The papers described new digital technologies for better detection of, reporting on, and response to the outbreak of the diseases. A summary of our literature review of the existing IDS systems is shown in. Through analyzing the common and central aims of selected studies, we have identified 3 fundamental requirements for infectious disease reporting systems, which is the ability to capture and report outbreak data accurately, completely, and in a timely fashion [ - ]. Fundamental requirements were also used as the basis for identifying subsequent specific user requirements.
The ability to accurately capture and report data, such as symptoms and age, is important to create an optimal disease-specific intervention plan [, , ]. It is also crucial to identify and understand the unique characteristics of certain diseases; some diseases have a higher number of reported cases, but only a few patients have serious illnesses (eg, measles). Another electronic reporting system was used in Ireland to reduce the underreporting of notifiable diseases [ ]. Underreporting has been associated with a number of factors, including clinicians’ lack of time and motivation and the use of complicated and inconsistent paper forms. The electronic system, which was consistent and user friendly, created an environment where clinicians could better engage in reporting and understand their notification obligations [ , , ]. An interactive data visualization technique (eg, web dashboard) was also used to understand the unique characteristics of certain infectious diseases, thereby improving the accuracy and completeness of outbreak reporting [ ]. Kamadjeu et al [ ] developed an electronic dashboard for the poliovirus outbreak response in Somalia. The dashboard captured complete outbreak data and was able to improve the daily analysis and sharing of outbreak information between different stakeholders, such as outbreak response managers and immunization partners located in various areas.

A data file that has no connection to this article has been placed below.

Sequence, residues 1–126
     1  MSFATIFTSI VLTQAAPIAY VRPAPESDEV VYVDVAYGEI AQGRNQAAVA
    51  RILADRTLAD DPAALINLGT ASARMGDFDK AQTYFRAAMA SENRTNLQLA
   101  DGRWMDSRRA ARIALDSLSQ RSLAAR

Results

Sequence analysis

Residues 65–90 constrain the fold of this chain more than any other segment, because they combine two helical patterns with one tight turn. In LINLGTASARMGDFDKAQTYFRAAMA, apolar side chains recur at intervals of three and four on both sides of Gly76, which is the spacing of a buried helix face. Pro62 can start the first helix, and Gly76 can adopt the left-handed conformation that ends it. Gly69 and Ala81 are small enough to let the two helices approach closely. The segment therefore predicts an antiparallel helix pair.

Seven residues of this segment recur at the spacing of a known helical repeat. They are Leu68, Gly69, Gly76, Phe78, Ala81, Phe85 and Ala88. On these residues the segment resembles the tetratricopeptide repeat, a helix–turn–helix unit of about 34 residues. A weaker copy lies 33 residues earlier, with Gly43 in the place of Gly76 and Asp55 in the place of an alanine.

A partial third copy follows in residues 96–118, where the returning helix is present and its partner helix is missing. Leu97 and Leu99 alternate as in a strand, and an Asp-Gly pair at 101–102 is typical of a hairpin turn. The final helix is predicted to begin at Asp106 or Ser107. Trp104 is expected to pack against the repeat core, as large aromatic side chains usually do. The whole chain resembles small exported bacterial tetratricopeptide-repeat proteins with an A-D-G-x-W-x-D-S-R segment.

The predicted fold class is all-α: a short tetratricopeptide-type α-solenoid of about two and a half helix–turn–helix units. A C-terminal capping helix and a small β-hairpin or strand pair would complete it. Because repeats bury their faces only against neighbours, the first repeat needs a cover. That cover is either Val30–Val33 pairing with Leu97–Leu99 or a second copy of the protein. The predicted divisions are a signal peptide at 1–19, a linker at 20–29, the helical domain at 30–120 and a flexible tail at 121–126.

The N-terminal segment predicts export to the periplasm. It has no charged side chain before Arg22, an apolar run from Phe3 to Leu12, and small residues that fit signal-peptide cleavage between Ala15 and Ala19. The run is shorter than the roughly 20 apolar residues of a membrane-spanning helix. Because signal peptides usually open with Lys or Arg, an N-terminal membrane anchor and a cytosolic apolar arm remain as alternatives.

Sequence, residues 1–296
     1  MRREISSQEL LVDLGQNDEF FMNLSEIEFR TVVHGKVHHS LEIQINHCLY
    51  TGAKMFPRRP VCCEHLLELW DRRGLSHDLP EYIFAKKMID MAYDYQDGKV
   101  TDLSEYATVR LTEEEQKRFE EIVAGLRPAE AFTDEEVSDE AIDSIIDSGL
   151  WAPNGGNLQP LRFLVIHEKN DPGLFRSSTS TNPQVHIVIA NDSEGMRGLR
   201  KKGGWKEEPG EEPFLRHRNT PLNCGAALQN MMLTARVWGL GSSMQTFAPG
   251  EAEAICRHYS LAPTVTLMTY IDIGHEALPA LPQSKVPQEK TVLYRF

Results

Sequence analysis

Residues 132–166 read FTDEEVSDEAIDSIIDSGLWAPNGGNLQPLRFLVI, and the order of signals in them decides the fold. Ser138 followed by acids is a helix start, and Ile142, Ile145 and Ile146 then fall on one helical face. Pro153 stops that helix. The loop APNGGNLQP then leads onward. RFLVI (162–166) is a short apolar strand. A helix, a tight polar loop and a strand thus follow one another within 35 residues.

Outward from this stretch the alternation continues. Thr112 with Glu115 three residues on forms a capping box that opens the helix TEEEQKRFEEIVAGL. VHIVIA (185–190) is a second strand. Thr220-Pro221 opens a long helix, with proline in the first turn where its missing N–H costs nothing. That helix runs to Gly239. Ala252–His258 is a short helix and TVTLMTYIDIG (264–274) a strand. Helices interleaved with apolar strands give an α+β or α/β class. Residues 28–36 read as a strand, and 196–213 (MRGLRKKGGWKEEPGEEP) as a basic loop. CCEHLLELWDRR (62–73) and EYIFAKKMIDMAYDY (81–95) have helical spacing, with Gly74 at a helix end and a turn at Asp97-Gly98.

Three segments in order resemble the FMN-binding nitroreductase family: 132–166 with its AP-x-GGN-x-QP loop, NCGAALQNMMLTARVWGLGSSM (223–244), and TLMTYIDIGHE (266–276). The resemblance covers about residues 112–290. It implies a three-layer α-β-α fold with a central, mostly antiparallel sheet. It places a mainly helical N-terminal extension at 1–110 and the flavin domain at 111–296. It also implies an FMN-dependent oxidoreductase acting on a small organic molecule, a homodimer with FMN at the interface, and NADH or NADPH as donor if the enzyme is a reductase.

The internet-based reporting system OSIRIS was introduced in the Netherlands to reduce delays in receiving outbreak data and improve the completeness of the data . The system was able to reduce the delay from 10 days to 1 day and had a higher completeness of data with over 10% improvements compared with traditional paper-based approaches. Similarly, Angues et al [ ] used a mobile-based data collection platform and real-time cloud-based storage technology to reduce delayed recognition and intervention. Fahnrich et al [ ] also developed a mobile-based system that can efficiently and promptly control Ebola in West Africa.
|Study||Infectious disease addressed||Description of main aims or features||Main outcomes reported||Fundamental requirements|
|Ward et al 2005 ||Meningitis, malaria, hepatitis A, B and C, etc||To improve timeliness and completeness of surveillance data on infectious diseases reported from regional to national level||The primary outcome measure was whether the internet-based reporting system improves timeliness and completeness in receiving the outbreak data in comparison with conventional paper-based forms. The internet-based system was able to reduce the delay and had a higher completeness of data.||Timeliness and completeness|